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Living with a subsistence farmer family consisting of a widow and several children, in the interior of NE Brazil, I felt really lucky to experience life with a "real family" and learn about Brazil from its "roots." I still feel sorry for PC Volunteers who spend their whole time living alone or with other Americans, and not getting to know the people of the country. After three months at my site in Sao Jose de Piranhas, I recruited a great partner to share the work.  Mavis Pitter (Knight) turned out to be a sturdy rough-and-ready redhead from rural California who rode her horse bareback while I insisted on a saddle. What a shame that Brazil stopped being available to Peace Corps Volunteers. It was a wonderful place to be at such an important time of our lives. Whether or not you're in the Peace Corps, I urge you to visit Brazil and spend as much time as possible with people, away from hotels and in rural areas, as far as you can get from the major cities.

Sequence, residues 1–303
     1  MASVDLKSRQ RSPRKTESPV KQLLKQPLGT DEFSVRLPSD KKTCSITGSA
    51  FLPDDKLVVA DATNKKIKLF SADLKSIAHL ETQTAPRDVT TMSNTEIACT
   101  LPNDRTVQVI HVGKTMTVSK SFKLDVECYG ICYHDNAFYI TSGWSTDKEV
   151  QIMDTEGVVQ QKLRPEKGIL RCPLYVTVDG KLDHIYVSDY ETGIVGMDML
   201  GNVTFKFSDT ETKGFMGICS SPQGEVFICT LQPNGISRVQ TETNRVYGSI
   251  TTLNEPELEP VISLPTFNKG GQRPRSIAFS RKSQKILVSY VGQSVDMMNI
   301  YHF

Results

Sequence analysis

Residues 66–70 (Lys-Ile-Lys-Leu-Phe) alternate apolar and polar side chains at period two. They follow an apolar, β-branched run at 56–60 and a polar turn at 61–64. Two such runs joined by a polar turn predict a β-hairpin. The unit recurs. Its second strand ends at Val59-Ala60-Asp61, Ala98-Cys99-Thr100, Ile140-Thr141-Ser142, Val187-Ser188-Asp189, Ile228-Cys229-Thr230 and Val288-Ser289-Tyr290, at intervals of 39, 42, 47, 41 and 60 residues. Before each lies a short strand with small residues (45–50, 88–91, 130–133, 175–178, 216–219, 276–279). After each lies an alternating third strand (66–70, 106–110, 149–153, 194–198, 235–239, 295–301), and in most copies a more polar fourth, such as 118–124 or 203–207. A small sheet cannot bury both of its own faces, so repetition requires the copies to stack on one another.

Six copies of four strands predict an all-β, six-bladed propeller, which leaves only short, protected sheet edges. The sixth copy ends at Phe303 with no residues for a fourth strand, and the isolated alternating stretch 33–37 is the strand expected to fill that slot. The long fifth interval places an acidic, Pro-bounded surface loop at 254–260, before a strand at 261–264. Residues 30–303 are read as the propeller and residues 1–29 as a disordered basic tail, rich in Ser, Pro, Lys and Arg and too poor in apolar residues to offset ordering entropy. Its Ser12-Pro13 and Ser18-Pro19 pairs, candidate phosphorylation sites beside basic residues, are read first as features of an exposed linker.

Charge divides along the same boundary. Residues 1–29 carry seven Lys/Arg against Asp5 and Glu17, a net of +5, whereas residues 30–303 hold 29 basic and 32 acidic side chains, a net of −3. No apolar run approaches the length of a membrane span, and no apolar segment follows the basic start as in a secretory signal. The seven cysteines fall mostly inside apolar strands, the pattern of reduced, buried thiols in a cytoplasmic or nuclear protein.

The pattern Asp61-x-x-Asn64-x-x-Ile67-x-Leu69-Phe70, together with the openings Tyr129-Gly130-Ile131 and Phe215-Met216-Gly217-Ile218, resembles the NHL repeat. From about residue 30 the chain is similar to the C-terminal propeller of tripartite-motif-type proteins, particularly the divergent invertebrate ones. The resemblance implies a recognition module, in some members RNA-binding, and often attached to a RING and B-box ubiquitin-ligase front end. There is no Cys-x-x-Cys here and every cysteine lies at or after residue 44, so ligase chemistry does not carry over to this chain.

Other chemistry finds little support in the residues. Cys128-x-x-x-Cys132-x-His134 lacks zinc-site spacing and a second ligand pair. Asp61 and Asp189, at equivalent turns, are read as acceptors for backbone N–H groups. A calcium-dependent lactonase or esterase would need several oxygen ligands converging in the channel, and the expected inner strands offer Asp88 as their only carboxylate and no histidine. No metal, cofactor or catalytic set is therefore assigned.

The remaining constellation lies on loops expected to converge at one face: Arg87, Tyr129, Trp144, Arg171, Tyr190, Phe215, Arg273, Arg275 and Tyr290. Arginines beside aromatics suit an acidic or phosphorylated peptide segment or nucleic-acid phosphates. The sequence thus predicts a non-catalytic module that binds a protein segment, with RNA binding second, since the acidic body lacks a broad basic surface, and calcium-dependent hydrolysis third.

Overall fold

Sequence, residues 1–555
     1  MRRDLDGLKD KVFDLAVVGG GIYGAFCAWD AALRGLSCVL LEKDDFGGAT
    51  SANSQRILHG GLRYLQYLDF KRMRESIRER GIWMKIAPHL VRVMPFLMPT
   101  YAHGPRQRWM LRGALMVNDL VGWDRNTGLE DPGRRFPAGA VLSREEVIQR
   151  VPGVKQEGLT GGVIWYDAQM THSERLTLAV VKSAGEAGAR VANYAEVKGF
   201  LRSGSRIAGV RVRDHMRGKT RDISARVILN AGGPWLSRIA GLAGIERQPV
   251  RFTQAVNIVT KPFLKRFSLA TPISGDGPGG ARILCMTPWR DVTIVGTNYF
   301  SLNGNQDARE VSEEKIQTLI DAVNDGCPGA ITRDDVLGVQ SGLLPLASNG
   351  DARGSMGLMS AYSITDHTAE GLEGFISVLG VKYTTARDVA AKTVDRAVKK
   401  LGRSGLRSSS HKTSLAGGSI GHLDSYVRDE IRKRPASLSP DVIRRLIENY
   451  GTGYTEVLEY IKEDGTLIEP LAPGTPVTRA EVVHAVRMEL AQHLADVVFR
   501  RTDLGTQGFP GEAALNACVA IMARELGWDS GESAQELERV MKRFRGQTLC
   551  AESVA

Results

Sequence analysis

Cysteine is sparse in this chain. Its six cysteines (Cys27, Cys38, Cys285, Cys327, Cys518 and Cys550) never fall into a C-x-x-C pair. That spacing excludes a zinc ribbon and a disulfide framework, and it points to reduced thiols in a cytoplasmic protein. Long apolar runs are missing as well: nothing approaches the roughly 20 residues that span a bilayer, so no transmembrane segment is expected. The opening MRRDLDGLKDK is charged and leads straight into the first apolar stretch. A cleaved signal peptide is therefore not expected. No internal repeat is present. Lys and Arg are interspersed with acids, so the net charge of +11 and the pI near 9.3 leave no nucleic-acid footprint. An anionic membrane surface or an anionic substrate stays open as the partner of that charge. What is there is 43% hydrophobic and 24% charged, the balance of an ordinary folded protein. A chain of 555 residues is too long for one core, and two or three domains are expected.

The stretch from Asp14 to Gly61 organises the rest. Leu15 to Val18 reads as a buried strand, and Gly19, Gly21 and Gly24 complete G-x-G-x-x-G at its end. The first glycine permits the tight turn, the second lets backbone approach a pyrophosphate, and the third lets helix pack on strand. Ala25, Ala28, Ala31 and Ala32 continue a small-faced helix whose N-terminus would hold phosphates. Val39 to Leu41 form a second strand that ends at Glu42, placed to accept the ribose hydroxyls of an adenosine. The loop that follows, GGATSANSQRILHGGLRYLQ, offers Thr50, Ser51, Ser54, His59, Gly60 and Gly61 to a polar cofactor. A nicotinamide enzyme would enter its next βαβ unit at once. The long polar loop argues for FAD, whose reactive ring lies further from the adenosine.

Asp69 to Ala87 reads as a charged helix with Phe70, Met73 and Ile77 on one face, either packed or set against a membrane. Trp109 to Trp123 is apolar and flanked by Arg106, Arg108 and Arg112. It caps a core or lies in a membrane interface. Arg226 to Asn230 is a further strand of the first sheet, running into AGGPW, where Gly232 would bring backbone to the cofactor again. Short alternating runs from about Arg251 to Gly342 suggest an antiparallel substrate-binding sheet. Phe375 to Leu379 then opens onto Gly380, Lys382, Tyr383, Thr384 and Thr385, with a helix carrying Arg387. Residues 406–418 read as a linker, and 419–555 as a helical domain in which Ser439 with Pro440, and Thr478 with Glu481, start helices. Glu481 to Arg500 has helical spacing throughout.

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Living with a subsistence farmer family consisting of a hard-working widow and several equally hard-working children six miles outside a small town in the interior of NE Brazil, I felt really lucky to experience life with a family and learn about Brazil from its rural roots.  I feel sorry for PC Volunteers who spend their whole time living alone or only hanging out with other Americans, and not getting to know the people. After three months at my site in Sao Jose de Piranhas, I recruited a great partner to share the work.  Mavis Pitter (Knight) turned out to be a sturdy rough-and-ready redhead from rural Northern California who rode her horse bareback and fast. We made a formidable team, I think. She was ready to try anything any time, and I was available to get her out of trouble and smooth things over with Brazilian men who had never encountered a woman of her spunk and power. Whether or not you're in the Peace Corps, I urge you to visit Brazil and spend as much time as possible with people, away from hotels and in rural areas, as far as you can get from the major cities.